Benjilock TSA FINGERPRINT PADLOCK REVIEW | MacSources
Protect your valuables while you travel and have your fingerprint be the key.
Travel looks a lot different these days. Since the coronavirus took hold earlier this year, people have been avoiding enclosed spaces and airplanes are strictly taboo. That said, airline travel has started to pick back up again, and with that comes the same regulations that were in place before the coronavirus hit home. When I travel, I like to keep my belongings secure. I will typically use zip ties or travel padlocks to lock up my checked baggage. The problem with that is losing track of the keys. This is the main reason I love that Benjilock by Hampton now has a TSA-friendly travel lock.
The TSA Travel/Luggage Lock by Benjilock features a built-in rechargeable lithium-ion battery, chrome-plated hardened steel shackle, and can store up to five fingerprints. In addition to the fingerprint reader, the lock is also equipped with a resettable combination keypad. The lock charges with a Micro USB cable (included) and it’s Travel Sentry-approved and TSA accepted. The lock can be opened by airport security if required and replaced on your luggage without any damage. The lock is available in white or matte black and features built-in LED light indicators.
Made with die-cast zinc; chrome-plated steel shackle
Programmable — stores up to 5 fingerprints; three-digit pin code
Dimensions: 2–4/5″H x 1–5/16″W x 4/5″D
Weight: 4.6 ounces
The travel lock comes in a fairly standard retail package. It’s clear on the front so that consumers can see the product inside. The back has some basic information about the lock including the Travel Sentry logo and highlighting that multiple users can be programmed into the lock. The package was a little hard to get into, but it wasn’t as bad as some plastic, hermetically sealed packages. I like that there was a lot of information packed onto the package so that customers have a good idea of what they are getting into. I also like that you have a full view of the lock from outside the package.
- How to charge your lock
- How to program the Benjilock
- Programming additional users
- Completing a Master Reset
- How to change the passcode
The lock comes with a 6-inch long Micro USB charging cable. This would be one area that I would probably mark the lock down on. Micro USB feels like ‘old tech’ to me at this point in time. I would have much rather seen it recharge with USB-C since that seems to be charging option for most technology products these days. In addition to the charging cable, the lock comes with user instructions about using the lock that is on a simple piece of paper that is folded up in the package. The instructions are provided in English and French and the outline:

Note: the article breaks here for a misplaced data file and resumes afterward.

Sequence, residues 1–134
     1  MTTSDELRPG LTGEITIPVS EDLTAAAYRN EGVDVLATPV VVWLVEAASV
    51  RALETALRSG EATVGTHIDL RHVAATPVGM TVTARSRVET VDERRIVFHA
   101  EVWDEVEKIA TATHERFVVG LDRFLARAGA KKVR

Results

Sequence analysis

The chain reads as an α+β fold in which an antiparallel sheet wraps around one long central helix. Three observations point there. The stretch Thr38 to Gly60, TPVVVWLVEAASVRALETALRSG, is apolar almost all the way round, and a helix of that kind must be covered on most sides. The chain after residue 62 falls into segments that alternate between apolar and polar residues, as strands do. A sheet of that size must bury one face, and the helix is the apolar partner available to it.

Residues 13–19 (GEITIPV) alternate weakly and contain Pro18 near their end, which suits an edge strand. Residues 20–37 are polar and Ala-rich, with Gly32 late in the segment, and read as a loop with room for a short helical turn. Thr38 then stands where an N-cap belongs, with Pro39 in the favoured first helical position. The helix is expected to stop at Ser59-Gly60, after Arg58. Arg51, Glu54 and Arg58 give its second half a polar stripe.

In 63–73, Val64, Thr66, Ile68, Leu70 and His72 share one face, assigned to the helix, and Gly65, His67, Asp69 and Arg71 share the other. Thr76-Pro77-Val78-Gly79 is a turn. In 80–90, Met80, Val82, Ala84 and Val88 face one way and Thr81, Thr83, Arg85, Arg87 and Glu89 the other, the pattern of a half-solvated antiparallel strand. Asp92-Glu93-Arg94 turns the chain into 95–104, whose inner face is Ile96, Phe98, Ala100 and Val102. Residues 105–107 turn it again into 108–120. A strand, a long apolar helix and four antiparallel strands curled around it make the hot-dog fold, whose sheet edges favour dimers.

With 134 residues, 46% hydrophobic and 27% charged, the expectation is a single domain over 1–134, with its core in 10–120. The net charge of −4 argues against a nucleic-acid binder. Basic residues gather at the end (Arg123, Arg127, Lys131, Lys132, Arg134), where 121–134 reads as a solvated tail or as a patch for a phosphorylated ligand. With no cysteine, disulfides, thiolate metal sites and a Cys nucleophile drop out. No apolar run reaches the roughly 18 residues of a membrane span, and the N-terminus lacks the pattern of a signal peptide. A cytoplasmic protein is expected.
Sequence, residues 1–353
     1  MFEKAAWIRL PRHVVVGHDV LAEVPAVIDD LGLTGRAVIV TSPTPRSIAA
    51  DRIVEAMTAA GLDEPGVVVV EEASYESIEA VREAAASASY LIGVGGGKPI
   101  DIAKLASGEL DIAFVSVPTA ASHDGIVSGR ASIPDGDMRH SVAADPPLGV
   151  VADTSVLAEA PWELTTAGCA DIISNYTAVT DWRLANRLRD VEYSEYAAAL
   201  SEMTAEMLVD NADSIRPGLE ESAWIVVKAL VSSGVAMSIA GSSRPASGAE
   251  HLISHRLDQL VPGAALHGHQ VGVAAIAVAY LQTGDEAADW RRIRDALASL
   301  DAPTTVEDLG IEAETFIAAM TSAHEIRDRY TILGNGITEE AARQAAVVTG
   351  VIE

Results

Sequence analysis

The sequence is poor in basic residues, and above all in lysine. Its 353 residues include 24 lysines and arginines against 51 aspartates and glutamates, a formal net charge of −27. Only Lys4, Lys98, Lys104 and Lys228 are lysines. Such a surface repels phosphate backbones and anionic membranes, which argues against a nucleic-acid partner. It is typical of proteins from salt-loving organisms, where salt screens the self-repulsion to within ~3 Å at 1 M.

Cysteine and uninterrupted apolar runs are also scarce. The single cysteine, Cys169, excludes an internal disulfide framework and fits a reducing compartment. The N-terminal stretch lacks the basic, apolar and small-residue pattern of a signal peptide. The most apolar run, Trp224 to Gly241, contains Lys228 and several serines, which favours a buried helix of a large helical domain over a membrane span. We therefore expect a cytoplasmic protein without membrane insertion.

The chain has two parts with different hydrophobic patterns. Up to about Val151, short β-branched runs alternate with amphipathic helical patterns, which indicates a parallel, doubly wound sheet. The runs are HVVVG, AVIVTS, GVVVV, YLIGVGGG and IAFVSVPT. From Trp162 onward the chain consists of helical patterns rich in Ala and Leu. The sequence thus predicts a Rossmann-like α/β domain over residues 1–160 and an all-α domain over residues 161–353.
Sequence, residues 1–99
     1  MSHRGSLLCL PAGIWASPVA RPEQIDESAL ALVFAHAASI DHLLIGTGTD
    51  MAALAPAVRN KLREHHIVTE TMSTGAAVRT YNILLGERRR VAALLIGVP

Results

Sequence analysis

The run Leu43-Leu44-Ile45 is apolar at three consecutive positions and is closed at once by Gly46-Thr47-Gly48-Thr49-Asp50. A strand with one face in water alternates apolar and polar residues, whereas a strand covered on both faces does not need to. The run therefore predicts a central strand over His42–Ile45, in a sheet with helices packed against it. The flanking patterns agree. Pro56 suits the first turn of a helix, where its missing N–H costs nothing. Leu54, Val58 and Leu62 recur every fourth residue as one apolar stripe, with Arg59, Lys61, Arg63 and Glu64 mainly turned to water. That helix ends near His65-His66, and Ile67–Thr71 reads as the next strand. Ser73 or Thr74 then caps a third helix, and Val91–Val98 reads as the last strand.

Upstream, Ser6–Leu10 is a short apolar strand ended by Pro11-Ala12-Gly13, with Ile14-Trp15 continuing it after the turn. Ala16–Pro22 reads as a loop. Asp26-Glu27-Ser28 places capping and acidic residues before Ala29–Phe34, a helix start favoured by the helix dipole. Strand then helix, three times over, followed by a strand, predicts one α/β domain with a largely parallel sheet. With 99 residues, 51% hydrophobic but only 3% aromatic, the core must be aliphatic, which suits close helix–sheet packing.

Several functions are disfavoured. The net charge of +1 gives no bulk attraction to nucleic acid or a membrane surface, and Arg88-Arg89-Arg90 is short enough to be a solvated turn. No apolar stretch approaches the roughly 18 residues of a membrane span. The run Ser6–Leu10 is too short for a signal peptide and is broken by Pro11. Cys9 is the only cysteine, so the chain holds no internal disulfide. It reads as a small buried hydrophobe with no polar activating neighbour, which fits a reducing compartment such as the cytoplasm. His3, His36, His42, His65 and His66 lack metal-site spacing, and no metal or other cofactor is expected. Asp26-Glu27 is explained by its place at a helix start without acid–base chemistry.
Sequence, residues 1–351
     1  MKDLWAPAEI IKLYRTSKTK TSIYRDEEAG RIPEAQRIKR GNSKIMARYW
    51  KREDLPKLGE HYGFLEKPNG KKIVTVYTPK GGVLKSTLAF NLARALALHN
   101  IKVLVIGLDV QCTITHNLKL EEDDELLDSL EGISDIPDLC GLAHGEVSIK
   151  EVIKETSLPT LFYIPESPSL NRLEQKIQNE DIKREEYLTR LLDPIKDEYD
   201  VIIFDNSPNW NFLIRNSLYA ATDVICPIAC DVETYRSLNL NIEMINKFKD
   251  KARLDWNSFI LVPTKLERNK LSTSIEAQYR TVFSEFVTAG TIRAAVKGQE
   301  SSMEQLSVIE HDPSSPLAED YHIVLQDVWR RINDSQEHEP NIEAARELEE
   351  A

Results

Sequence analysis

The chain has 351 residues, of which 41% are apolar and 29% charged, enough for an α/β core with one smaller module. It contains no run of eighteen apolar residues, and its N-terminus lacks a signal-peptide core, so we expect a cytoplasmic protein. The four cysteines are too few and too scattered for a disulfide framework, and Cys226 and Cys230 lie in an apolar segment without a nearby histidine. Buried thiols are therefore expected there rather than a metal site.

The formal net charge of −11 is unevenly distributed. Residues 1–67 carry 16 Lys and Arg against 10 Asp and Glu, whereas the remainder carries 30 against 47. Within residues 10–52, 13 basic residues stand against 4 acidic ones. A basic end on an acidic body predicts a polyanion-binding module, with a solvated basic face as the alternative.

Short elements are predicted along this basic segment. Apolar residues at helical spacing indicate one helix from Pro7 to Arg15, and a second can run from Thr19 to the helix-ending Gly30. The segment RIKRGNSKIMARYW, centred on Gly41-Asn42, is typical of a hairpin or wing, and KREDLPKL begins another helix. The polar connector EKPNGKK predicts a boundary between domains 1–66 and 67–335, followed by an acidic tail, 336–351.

The instructions also state that a one-year limited warranty is included with the product. The fingerprint reader is just like what you would find on a smartphone. It’s not a button. You simply lay your finger across it and the lock wakes up and reads your fingerprint. If that doesn’t work, you also have the option of entering the passcode if the reader isn’t working.
Programming the fingerprint is easy. You wake up the lock and then enter the passcode on keypad. Once the shackle opens, you press your intended fingerprint onto the reader within 4 seconds and wait until the LEDs around the reader all light up. Once the full circle flashes, the programming is complete. You have the option of programming up to 5 fingerprints into the lock. While this process is simple enough, it’s a bit different than the original Benjilock padlock.
With the original Benjilock padlock, you press down on the shackle to activate/wake the lock. I prefer that method to the simple fingerprint reader method. I have to try multiple times to get the lock to wake up when I lay my finger on the reader and then it doesn’t seem to register the programmed fingerprint very easily. Since I had so much trouble with the reader registering my thumbprint, I had my fiance program his index finger to the lock and it only failed on him once. After that, I programmed my index finger as well and it was much more accurate than the thumbprint. We both still had trouble with the lock waking up with the first touch on the reader no matter which finger was used.
I do like that a keypad is included as a secondary option for unlocking the padlock. It comes with a default passcode pre-programmed, but users have the option of reprogramming it with a 3–8 digit code. The process for reprogramming includes using the fingerprint reader. So, if you are having a hard time with the fingerprint reader, you may not be able to change the passcode. Since I had some issues with the reader being accurate, I was concerned that I may not be able to change the passcode, but the process worked fine.
Overall, I like the design of the smaller, sleeker TSA-friendly Benjilock. I do have concerns that maybe the fingerprint reader isn’t as accurate as the original Benjilock padlock. It does work and since it has the added benefit of a built-in keypad, I still think this is a valuable accessory for traveling.
Originally published at https://macsources.com on August 10, 2020.